Meanwhile, the prospects for actual ending federal marijuana prohibition this year appear dim, especially given that it would need 60 votes in the Senate, where Republicans have operated primarily as obstructionists so far. If neither the SAFE Banking Act nor marijuana legalization materializes, the Democrats will have squandered an opportunity to pass important, popular legislation. There's still next year, but it is already looking to be pretty messy in the run-up to the mid-term elections.

SD Activists Begin 2022 Marijuana Legalization Initiative Drive, Report on Racial Disparities in State Prisons, More... (10/13/21)

A pair of GOP Ohio lawmakers prepares a marijuana legalization bill, the Sentencing Project releases a new report on differential racial incarceration rates in the states, and more.

A new Sentencing Project report finds Blacks are imprisoned in state prisons at a rate five times that of Whites. (Pixabay)
Marijuana Policy

Ohio GOP Lawmakers Announce Marijuana Legalization Bill. In a sign of changing times, a pair of Ohio Republican lawmakers announced Tuesday they were preparing a marijuana legalization bill. For years, Democrats have led the fight for marijuana legalization, but in recent days, first Pennsylvania and now Ohio are seeing signs of Republican interest in moving forward on legalization. Reps. Jamie Callender (R) and Ron Ferguson (R) rolled out a bill that would allow people 21 and over to buy and possess marijuana, with limited home cultivation allowed. The bill also envisages a 10 percent tax on retail marijuana sales, with half going to the state's general fund and half going to law enforcement and mental health and addiction treatment and recovery services. Callender and Ferguson are circulating a cosponsorship memo to build support for the forthcoming legislation and are aiming to formally file the bill within the next six weeks or so.

South Dakota Marijuana Legalization Ballot Initiative Approved for Signature Gathering. Although state voters already approved a marijuana legalization initiative last year, it was challenged in court by Gov. Kristi Noem (R) and two law enforcement officials, and the state Supreme Court has yet to rule on its constitutionality. The people behind the successful initiative, South Dakotans for Better Marijuana Laws, is not waiting on—or counting on—a favorable Supreme Court ruling and is moving ahead with plans for a 2022 initiative designed to get around the issue that has the 2020 initiative stuck in the courts: the claim that it unconstitutionally encompasses more than one subject. This new initiative simply legalizes marijuana possession and cultivation for people 21 and over. The secretary of state on Tuesday gave the go-ahead for signature gathering to begin. Campaigners have until May 8, 2022 to come up with 16,691 valid voter signatures to qualify for the November 2022 ballot.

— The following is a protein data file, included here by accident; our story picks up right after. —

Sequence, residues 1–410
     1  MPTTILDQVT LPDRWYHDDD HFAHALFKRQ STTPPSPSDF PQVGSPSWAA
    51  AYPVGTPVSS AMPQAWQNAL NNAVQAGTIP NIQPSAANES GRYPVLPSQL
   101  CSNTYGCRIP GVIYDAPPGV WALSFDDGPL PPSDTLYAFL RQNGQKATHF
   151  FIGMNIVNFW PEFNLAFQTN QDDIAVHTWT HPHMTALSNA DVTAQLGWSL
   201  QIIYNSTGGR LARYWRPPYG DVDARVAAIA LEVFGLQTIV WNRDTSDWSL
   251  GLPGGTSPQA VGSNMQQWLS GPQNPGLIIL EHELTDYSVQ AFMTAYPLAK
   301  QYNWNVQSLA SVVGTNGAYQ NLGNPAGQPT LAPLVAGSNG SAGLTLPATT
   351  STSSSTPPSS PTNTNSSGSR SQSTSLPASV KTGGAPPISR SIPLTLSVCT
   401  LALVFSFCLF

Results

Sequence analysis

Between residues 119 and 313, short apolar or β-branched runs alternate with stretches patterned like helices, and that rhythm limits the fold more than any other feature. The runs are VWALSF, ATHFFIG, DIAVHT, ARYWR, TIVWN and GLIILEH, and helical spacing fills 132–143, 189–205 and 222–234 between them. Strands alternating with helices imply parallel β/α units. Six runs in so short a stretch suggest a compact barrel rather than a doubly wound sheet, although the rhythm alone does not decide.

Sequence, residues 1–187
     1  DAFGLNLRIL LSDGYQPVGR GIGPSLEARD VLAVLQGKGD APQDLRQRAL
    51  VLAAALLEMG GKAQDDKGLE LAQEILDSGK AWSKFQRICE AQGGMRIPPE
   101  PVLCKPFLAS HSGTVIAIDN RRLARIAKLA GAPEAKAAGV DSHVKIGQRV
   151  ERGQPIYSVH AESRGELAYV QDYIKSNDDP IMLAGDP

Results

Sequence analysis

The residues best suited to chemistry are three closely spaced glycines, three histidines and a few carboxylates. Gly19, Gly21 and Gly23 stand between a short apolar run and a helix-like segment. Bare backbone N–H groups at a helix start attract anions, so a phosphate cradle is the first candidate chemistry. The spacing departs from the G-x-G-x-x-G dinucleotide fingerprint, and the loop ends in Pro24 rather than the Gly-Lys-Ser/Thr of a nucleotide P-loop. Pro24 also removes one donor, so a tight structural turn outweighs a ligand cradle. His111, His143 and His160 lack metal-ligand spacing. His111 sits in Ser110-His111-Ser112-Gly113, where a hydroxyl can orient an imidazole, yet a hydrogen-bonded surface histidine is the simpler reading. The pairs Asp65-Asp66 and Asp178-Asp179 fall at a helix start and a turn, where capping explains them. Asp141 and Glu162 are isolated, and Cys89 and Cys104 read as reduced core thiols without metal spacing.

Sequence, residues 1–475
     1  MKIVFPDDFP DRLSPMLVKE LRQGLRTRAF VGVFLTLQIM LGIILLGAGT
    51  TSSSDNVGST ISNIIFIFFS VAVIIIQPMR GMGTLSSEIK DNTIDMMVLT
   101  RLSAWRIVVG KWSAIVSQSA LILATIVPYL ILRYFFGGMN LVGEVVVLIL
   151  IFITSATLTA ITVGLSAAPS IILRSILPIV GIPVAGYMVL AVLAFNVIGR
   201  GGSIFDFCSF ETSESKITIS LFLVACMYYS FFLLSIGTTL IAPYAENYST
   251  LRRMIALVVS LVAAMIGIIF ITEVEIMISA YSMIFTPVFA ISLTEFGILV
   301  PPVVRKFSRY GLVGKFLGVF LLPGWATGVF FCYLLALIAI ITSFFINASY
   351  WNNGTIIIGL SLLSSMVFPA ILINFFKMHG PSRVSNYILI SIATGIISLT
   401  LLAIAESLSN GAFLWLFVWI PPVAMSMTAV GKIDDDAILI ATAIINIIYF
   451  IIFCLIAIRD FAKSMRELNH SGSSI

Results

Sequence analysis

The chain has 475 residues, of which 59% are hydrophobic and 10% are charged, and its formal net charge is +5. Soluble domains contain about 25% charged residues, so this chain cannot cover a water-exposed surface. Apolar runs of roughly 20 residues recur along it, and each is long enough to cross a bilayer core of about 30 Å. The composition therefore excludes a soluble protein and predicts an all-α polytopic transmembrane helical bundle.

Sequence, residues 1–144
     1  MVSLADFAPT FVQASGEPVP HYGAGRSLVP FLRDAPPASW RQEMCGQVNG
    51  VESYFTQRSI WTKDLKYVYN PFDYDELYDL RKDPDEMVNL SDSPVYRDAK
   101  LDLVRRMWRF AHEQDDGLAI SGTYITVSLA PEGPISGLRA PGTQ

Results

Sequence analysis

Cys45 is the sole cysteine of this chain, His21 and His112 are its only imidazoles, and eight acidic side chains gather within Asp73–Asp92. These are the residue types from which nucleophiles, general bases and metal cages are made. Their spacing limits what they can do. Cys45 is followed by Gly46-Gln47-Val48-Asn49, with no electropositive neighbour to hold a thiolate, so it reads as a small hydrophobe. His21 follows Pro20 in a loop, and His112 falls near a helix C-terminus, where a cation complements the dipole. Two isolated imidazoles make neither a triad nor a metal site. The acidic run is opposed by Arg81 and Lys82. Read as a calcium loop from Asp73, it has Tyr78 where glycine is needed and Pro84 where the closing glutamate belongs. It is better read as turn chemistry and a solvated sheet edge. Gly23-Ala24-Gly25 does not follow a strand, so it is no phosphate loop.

Sentencing Policy

New Sentencing Project Report Finds Blacks Imprisoned in State Prisons at Rate Five Times of Whites. Black Americans are incarcerated in state prisons across the country at nearly five times the rate of Whites, and Latino Americans are 1.3 times as likely to be incarcerated than non-Latino whites, according to a new report by The Sentencing Project, The Color of Justice: Racial and Ethnic Disparity in State Prisons.The report, authored by Senior Research Analyst Ashley Nellis, documents the rates of incarceration for white, Black, and Latinx Americans for each state. Although Black Americans are not a majority of the general population in any of the 50 states, they make up more than half of the prison population in a dozen states: Alabama, Delaware, Georgia, Illinois, Louisiana, Maryland, Michigan, Mississippi, New Jersey, North Carolina, South Carolina and Virginia. New Jersey tops the nation in terms of disparity in its incarceration rates, with a Black/white ratio of more than 12 to 1. Wisconsin, Minnesota, and Connecticut follow closely behind, incarcerating Black Americans at about 10 times the rate of white people. Latino individuals are incarcerated nationally in state prisons at a rate that is 1.3 times the rate for non-Latino whites, but at a much higher rate in Massachusetts (4.1), Connecticut (3.7), New York (3.0), and North Dakota (2.4). In raw numbers, Latino incarceration is highest in border and southwestern states. The report makes several policy recommendations: eliminate all mandatory minimums, enact racial impact statements that require crime bills to be accompanied by an estimate of the policy’s impact on demographic groups, and discontinue arrest and prosecution for low-level drug offenses that often lead to accumulation of prior convictions

House Votes to End Federal Crack/Powder Cocaine Sentencing Disparity [FEATURE]

In an effort to undo one the gravest examples of racially biased drug war injustice, the House of Representatives voted Tuesday to end the federal sentencing disparity between crack and powder cocaine. HR 1693, the Eliminating a Quantifiably Unjust Application of the Law (EQUAL) Act of 2021, passed on a vote of 361-66, demonstrating bipartisan support, although all 66 "no" votes came from Republicans.